Some of the new initiatives that would be launched to achieve India’s targets set under INDCs include introduction of new, more efficient and cleaner technologies in thermal power generation; promotion of renewable energy generation and increasing the share of alternative fuels in the overall fuel mix; reducing emissions from the transportation sector and waste; promotion of energy efficiency in the economy, notably in industry, transportation, buildings and appliances; development of climate-resilient infrastructure; and full implementation of the Green India Mission and other afforestation schemes.
In the run-up to INDC’s submission, India had promised to expand the National Mission for Enhanced Energy Efficiency and to cover new large industry sectors like railways as well as enhance targets.
Doing exactly that, India said it is widening the scope of its Perform, Achieve and Trade (PAT) scheme, which is a market-based energy efficiency trading mechanism that at present covers 478 plants in eight energy-intensive industrial sectors, accounting for one-third of the total energy consumption in the country.
“The mandated decrease in the specific energy consumption under PAT programme has led to a decline of 4-5% in their specific energy consumption in 2015 as compared with that in 2012. The scheme is to be widened and deepened to include additional sectors like railways, electricity distribution and refineries in the next cycle and would cover more than half the commercial energy consumed in India,” the submission explained.
India, however, clarified that its INDCs do not bind it to any sector-specific mitigation obligation or action, including in the agriculture sector.
India also said that it has revisited its National Missions under the NAPCC (National Action Plan for Climate Change) and identified new missions and programmes on wind energy, health, waste to energy, and coastal areas, while redesigning the National Water Mission and National Mission on Sustainable Agriculture.
“India’s goal is to reduce overall emission intensity and improve energy efficiency of its economy over time and at the same time protecting the vulnerable sectors of economy and segments of our society. The successful implementation of INDC is contingent upon an ambitious global agreement including additional means of implementation to be provided by developed country parties, technology transfer and capacity building,” the INDCs submission said.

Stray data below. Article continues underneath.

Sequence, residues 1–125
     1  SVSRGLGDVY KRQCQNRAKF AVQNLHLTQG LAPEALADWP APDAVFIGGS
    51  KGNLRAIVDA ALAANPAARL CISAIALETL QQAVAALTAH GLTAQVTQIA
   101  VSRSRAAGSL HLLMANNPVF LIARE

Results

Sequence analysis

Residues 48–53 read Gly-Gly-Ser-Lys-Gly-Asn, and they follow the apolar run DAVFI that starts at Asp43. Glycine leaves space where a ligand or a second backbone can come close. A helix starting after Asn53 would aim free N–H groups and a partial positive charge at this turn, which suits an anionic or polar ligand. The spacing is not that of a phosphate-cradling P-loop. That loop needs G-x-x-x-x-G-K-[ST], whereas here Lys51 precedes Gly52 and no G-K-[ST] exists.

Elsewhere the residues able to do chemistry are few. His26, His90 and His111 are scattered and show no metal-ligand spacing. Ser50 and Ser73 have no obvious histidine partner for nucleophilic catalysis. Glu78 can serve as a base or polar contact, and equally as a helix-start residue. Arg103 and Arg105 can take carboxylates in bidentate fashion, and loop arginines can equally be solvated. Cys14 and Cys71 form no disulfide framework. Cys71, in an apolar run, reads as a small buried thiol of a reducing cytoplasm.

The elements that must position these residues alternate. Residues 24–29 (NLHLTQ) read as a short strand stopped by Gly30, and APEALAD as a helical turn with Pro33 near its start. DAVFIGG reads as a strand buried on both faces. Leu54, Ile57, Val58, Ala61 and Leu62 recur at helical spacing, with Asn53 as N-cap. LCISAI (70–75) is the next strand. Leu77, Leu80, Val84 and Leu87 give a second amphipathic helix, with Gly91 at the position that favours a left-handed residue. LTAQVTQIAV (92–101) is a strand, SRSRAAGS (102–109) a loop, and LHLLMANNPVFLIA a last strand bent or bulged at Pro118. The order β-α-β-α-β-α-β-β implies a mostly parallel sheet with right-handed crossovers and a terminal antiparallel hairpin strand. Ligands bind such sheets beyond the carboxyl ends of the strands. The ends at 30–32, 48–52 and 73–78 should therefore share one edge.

Some experts welcomed India’s INDC, stating that India’s climate action plan is far superior to the ones proposed by the US and the EU.
“Despite huge developmental challenges, India has put forward a climate action plan that is far superior to ones proposed by the US and EU. Its ambitious focus on energy efficiency and dramatic increase in renewable energy deserves credit but must lead to enhanced energy access for the poor. This clearly puts the onus on developed countries to meet their obligations of providing public finance and technology transfer to developing and least developed countries,” said Sandeep Chachra, executive director of ActionAid India, an NGO working to eradicate poverty.
“India has also rightly put the focus back on the need to adapt to climate impacts. Farming communities, who are already distressed, are suffering even more from erratic and extreme climatic conditions. The Indian government’s focus on adaptation therefore comes at a critical time for its population,” Chachra added.
However, some other experts felt that India was punching below its weight as its target doesn’t fully capture the emissions it would avoid if it succeeds in meeting its renewable energy goals.
“Surprisingly, the country’s carbon intensity target doesn’t fully capture the emissions it would avoid if it succeeds in meeting its renewable energy goals. We expect India can exceed its carbon intensity target in the course of shifting to non-fossil energy,” said Nitin Pandit, CEO of the World Resources Institute - India, a research organization.